I wrote a paper last semester on the notion of discounting future damage (I'll explain what this means below), and I wanted to revisit the issue now that I've done a little more research, to see if I still agree with what I wrote then. Basically, my paper examined how our views of the proper role of discounting are dependent on our views about what social policy is trying to achieve, and what kind of problem climate change poses. Rather than putting my whole paper online and critiquing it, I'm going to split it up into pieces and post each separately. In my paper I examined four paradigms: (1) The goal of social policy should be to allocate resources to their most efficient uses, and climate change represents a challenge to accomplish this task in a changing world; (2) The goal of social policy should be to maximize the overall good, and climate change represents an obstacle in the way of achieving this goal; (3) Climate change represents an externality, and the goal of a climate policy should be to internalize the externalized costs; (4) Climate change represents an overenclosure of the commons, and the goal of a climate policy should be to remedy this injustice. In this post, I will first go over what I mean by "discounting future damage," and then I will address the first paradigm listed above.
So how does discounting play into discussions about climate change? The most significant impacts of climate change will not occur for a significant amount of time: we're talking decades or even centuries. The issue is how important that damage is compared to the equivalent amount of damage today. In his essay, "Global Climate Change: A Challenge to Policy," Kenneth Arrow wrote that the dispute "...surrounds the appropriate value for the social rate of time preference. This...allows for discounting the future simply because it is the future, even if future generations were no better off than we are. The Stern Review [a report released by economist Nicholas Stern discussing the effects of global climate change on the world economy] follows a considerable tradition among British economists and many philosophers against discounting for pure futurity. Most economists take pure time preference as obvious." So when we talk about discounting future damage, what we're concerned with is whether or not it's acceptable to treat future damage as being less important, just because it's going to occur in the future.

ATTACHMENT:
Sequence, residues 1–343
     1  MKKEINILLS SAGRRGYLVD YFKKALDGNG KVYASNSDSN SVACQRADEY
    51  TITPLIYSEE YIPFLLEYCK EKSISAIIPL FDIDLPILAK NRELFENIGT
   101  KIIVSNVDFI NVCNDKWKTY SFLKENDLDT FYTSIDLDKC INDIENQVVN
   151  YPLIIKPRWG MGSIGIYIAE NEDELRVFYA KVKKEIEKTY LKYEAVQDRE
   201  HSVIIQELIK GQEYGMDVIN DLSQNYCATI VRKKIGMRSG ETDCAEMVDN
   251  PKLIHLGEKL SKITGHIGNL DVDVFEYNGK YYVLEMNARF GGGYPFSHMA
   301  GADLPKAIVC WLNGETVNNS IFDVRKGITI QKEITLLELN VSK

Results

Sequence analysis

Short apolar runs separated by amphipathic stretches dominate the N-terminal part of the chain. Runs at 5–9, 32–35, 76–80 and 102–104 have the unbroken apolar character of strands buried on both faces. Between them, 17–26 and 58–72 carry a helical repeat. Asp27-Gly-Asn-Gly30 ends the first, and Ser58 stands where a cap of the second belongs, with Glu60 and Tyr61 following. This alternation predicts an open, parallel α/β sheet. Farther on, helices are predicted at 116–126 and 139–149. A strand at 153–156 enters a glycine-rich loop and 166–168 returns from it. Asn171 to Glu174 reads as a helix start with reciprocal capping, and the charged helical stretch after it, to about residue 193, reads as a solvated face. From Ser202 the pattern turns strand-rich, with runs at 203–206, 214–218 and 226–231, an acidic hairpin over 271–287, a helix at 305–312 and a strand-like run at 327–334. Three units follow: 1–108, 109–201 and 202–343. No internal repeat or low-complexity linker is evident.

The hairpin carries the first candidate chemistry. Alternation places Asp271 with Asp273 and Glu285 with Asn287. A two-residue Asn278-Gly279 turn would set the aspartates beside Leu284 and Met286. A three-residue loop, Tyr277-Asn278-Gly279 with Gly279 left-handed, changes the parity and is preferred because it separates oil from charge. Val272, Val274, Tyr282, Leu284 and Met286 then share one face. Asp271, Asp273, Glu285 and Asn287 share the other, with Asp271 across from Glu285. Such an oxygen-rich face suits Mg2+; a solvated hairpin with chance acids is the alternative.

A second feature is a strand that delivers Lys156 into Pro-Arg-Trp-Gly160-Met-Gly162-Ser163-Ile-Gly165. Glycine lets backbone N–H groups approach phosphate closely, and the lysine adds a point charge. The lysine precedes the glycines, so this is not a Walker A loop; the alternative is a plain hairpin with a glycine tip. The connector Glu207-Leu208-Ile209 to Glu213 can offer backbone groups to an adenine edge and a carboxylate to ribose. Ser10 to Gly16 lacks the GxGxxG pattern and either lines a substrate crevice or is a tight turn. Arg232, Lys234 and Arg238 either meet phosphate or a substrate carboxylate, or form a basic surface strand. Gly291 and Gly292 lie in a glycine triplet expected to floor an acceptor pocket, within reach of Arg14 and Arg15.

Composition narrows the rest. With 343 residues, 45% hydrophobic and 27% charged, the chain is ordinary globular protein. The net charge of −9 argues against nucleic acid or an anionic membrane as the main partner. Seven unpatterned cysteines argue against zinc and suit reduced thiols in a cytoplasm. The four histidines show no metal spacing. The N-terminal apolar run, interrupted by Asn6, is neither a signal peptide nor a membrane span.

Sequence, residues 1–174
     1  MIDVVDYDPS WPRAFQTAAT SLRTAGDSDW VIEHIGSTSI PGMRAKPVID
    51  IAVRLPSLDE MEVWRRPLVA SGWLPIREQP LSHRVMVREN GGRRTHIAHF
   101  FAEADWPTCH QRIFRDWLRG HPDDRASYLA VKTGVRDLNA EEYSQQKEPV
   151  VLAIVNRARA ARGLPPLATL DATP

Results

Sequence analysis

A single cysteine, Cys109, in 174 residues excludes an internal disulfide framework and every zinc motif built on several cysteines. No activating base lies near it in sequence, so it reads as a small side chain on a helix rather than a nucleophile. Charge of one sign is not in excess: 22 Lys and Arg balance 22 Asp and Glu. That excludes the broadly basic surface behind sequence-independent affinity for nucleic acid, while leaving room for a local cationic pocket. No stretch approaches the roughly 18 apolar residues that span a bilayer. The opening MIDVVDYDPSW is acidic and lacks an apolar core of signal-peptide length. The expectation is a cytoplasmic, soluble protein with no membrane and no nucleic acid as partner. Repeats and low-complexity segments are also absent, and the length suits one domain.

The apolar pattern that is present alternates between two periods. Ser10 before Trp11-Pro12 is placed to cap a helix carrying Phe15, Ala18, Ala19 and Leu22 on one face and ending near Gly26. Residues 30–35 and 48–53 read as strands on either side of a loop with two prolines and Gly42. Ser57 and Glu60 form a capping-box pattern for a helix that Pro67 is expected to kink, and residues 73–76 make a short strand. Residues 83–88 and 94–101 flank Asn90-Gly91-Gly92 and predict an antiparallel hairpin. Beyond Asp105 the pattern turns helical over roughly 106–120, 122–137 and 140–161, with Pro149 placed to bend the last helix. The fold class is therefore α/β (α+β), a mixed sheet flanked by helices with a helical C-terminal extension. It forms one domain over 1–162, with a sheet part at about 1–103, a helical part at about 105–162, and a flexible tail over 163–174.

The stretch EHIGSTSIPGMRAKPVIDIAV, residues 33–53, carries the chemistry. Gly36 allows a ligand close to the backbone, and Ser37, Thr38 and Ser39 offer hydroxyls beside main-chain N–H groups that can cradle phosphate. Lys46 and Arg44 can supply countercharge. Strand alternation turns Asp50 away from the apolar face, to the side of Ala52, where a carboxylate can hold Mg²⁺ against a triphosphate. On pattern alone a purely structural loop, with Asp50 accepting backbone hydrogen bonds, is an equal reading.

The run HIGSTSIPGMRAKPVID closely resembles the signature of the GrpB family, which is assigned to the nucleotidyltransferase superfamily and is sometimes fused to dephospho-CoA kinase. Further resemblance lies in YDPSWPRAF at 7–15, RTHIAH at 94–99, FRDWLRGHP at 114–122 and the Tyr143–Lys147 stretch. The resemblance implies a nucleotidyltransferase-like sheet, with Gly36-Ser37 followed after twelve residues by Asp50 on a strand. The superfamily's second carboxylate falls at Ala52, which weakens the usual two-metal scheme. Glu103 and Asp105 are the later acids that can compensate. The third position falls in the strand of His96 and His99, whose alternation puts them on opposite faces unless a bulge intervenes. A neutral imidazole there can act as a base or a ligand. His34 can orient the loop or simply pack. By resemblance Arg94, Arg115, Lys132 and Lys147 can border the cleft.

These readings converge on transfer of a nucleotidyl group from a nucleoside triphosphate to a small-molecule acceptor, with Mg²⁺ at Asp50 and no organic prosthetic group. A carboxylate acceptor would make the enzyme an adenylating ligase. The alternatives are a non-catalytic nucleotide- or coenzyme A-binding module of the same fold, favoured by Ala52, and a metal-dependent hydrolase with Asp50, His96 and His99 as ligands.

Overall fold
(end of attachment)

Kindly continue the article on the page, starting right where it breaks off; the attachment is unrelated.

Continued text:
So with that in mind, let's look at the paradigm of cost-benefit analysis: policy should allocate social resources in the most efficient manner, and climate change just represents a challenge for doing that. In its most rudimentary form, cost-benefit analysis is a tool which allows decision makers to allocate resources in the way that best matches some relevant set of preferences. For social decision makers, the relevant set of preferences would clearly be those of society as a whole. Since groups are composed of individuals, advocates of the cost-benefit approach feel that it is reasonable to extrapolate society's preferences from the preferences of individuals. This view is implicit in the position taken by economist Jerry Taylor, who favors discounting future damage at a rate of 5% per year, because it "...matches the return on Treasury bills - or, put another way, [it is] the figure people apply themselves when considering the value of money today versus the value of money tomorrow."
Because the simple cost-benefit perspective considers society as if it were a single decision maker, needing only to allocate its own resources according to its preferences, it is immediately clear why discounting would seem obvious. The existence of a preference for value sooner rather than later is a basic economic assumption which is rooted in cold empirical fact. From this mindset, the question is not whether to use a discount rate, rather what discount rate to use. Some, like Jerry Taylor, use the discounting practices of the current marketplace. Others, like economists Richard Newell and William Pizer, try to predict how market discounting practices will vary over the discounting period, suggesting a plausible range of 2-7%. But to debate the validity of using discounting practices at all would be like asking a banker whether she thought she should charge interest on a loan, or asking an investor whether he cared about getting a return on his money.